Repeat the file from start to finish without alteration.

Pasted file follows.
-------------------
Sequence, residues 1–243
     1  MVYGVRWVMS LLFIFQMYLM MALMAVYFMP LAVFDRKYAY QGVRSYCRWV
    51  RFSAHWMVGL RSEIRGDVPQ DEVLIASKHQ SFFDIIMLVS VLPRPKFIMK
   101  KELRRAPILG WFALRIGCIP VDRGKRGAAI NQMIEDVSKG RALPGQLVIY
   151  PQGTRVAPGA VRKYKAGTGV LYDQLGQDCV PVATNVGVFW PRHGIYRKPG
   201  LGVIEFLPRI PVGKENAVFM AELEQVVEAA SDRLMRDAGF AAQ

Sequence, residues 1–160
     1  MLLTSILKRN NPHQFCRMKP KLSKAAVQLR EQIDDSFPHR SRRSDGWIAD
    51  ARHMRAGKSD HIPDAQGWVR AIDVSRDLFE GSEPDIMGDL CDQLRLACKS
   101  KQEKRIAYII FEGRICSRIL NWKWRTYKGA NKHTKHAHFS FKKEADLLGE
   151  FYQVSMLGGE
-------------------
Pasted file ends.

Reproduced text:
Sequence, residues 1–243
     1  MVYGVRWVMS LLFIFQMYLM MALMAVYFMP LAVFDRKYAY QGVRSYCRWV
    51  RFSAHWMVGL RSEIRGDVPQ DEVLIASKHQ SFFDIIMLVS VLPRPKFIMK
   101  KELRRAPILG WFALRIGCIP VDRGKRGAAI NQMIEDVSKG RALPGQLVIY
   151  PQGTRVAPGA VRKYKAGTGV LYDQLGQDCV PVATNVGVFW PRHGIYRKPG
   201  LGVIEFLPRI PVGKENAVFM AELEQVVEAA SDRLMRDAGF AAQ

Sequence, residues 1–160
     1  MLLTSILKRN NPHQFCRMKP KLSKAAVQLR EQIDDSFPHR SRRSDGWIAD
    51  ARHMRAGKSD HIPDAQGWVR AIDVSRDLFE GSEPDIMGDL CDQLRLACKS
   101  KQEKRIAYII FEGRICSRIL NWKWRTYKGA NKHTKHAHFS FKKEADLLGE
   151  FYQVSMLGGE